Episode 18: Betty Jean Holmes and David R.C. Good

Hanford native and longtime Reedley College instructor David R. C. Good reads his poetry inside the Wild Blue Yonder nightclub in 1989. (Screen shot)

Editor’s Note: This is Episode 18 of the Fresno Poets Archive Project. It is a reading by Betty Jean Holmes and David R. C. Good, recorded February 1, 1989 at the Wild Blue Yonder nightclub in the Tower District. Background research and closed captioning for this video was conducted by student Mary Yamanaka in the spring of 2018. California raised and Chamorro born, Mary earned her bachelor’s degree in English, with a minor in creative writing, from Fresno State in May 2018. She hopes to pursue a career in editorial and publishing work, particularly in fiction. She enjoys writing in her free time, in order to create.

By Mary Yamanaka
For the Fresno Poets Archive Project

Betty Jean Holmes possesses the ability to keep the elements of childhood and home present and alive in a poem.

As I listened to her recite her poems, from a video recording made three decades ago, I found myself pressing the headphones closer to my ear, hoping I could somehow force the memorization of the poems by trapping the sound of her voice inside my brain.

I found myself wanting to visit her hometown of Lanare in western Fresno County, as I listened to her recant tales of her youth. It reminded me that although she and I existed in completely different times as little girls, that people tend to be more alike than we realize. Our lives intersect and connect in ways we may not think about because the little moments tend to be sidelined in our memories.

But not for Betty Jean, who beautifully immortalized her girlhood into these poems. It felt like an honor to transcribe her work. I related to it, as I sat in my bedroom surrounded by items of my own childhood.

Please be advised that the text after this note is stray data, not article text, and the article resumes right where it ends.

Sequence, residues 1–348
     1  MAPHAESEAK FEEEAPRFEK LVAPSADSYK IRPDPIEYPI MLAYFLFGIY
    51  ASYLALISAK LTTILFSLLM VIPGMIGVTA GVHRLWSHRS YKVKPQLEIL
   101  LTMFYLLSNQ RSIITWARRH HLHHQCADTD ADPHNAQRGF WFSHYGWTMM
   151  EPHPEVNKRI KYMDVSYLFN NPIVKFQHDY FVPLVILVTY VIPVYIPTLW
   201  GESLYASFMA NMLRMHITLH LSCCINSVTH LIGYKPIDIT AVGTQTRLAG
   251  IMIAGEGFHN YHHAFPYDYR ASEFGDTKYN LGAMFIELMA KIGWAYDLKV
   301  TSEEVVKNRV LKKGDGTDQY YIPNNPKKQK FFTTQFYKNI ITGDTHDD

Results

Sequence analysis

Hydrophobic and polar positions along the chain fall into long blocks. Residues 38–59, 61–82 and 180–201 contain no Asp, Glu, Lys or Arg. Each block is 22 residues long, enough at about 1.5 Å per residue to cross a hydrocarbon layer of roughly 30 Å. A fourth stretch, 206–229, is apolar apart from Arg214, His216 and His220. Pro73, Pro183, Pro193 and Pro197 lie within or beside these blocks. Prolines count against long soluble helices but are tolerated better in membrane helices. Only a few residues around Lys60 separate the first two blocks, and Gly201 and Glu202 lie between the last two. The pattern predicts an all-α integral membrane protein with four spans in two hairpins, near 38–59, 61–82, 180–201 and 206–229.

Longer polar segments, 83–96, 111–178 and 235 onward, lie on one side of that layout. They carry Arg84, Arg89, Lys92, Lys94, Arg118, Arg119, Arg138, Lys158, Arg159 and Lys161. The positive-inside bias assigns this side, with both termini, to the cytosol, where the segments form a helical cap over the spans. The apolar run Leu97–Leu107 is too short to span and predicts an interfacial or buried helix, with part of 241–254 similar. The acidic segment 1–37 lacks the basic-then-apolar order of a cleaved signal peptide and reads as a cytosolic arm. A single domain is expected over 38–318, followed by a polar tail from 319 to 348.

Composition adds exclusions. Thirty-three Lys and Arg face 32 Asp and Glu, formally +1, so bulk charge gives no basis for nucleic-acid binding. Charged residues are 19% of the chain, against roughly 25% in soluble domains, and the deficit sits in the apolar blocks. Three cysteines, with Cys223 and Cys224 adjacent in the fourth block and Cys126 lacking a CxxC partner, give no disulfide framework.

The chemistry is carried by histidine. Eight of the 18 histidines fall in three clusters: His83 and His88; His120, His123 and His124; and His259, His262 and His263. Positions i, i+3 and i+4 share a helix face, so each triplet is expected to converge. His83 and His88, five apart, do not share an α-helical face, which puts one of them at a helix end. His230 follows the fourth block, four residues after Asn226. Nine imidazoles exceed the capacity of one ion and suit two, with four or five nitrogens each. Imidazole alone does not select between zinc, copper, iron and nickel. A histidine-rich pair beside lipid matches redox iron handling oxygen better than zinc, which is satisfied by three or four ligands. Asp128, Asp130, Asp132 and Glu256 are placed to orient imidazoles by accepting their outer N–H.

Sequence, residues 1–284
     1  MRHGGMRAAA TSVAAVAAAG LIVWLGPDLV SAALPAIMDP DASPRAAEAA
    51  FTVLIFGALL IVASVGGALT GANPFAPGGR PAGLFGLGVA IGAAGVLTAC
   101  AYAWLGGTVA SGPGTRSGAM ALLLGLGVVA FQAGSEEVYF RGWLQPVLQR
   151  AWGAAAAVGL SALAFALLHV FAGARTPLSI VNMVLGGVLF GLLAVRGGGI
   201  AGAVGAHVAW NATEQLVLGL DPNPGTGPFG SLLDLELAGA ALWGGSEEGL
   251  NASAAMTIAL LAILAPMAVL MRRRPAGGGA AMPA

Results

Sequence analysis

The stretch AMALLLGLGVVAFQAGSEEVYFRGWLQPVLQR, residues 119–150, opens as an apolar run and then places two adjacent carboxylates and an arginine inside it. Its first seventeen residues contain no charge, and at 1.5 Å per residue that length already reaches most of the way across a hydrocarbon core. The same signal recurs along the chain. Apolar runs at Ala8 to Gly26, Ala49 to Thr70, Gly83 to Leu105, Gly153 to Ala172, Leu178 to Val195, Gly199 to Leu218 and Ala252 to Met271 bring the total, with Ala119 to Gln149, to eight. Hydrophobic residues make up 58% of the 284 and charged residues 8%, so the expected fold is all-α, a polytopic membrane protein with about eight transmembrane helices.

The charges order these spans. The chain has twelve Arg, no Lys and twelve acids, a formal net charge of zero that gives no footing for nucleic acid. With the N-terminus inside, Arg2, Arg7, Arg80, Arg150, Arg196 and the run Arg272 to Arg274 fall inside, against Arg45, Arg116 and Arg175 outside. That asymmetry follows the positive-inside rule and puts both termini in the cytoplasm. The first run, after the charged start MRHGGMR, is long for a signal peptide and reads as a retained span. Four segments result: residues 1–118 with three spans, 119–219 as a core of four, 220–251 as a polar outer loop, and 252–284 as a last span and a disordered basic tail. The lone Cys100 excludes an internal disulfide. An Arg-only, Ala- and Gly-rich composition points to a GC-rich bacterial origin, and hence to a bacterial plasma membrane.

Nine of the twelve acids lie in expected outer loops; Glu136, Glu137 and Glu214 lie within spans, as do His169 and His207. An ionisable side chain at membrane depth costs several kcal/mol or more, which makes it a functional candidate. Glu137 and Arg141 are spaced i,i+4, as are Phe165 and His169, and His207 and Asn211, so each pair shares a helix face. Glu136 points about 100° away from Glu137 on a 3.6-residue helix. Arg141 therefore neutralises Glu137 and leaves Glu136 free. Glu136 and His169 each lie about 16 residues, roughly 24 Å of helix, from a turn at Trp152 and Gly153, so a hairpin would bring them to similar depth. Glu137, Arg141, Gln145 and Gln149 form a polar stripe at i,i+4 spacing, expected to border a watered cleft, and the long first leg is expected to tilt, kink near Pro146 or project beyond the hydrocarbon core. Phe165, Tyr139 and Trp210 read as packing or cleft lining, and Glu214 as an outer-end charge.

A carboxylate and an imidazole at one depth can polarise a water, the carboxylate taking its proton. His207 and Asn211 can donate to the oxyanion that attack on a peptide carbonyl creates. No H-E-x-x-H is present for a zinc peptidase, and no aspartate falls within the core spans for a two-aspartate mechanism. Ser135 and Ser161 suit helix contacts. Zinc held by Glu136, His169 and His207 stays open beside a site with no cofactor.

We remember our youth by keeping a collection of memories we can relive with those who grew up with us. Betty Jean’s poem “Almost Mud Dry” reminded me of all the mud pies I made growing up. It had me asking my mother for the box of photos where I’m covered head to toe in mud alongside a girl I no longer know. I don’t remember that day outside what I can see in those photos. But as I listened to Betty Jean’s work, I began to understand the feeling of the memories she’s summoning into her poems.

Betty Jean proved to be elusive when I researched her poems for this project. I ended up deep inside the English Department’s storage closet, working my way through several shelves of a cabinet filled with five decades of the department’s literary journals, to find her work written down.

My search proved successful, as I dug up some of her poetry in multiple issues of Common Wages, the literary journal that started out as Backwash and later became the San Joaquin Review. I sat there in the small closet reading each of her poems as if they had been waiting for me for years.

Editor’s note: Early in the summer after Mary did the research and transcription work on the video and wrote this post, Betty Jean Holmes herself randomly walked into the English Department office on campus. She had just retired from her longtime job with the County of Fresno and was looking for a creative writing class to take, to get back into writing poetry. Imagine the delight on her face when I not only knew who she was, but also gave her a preview of the video of her younger self, reading at the Wild Blue in 1989!  ~JB

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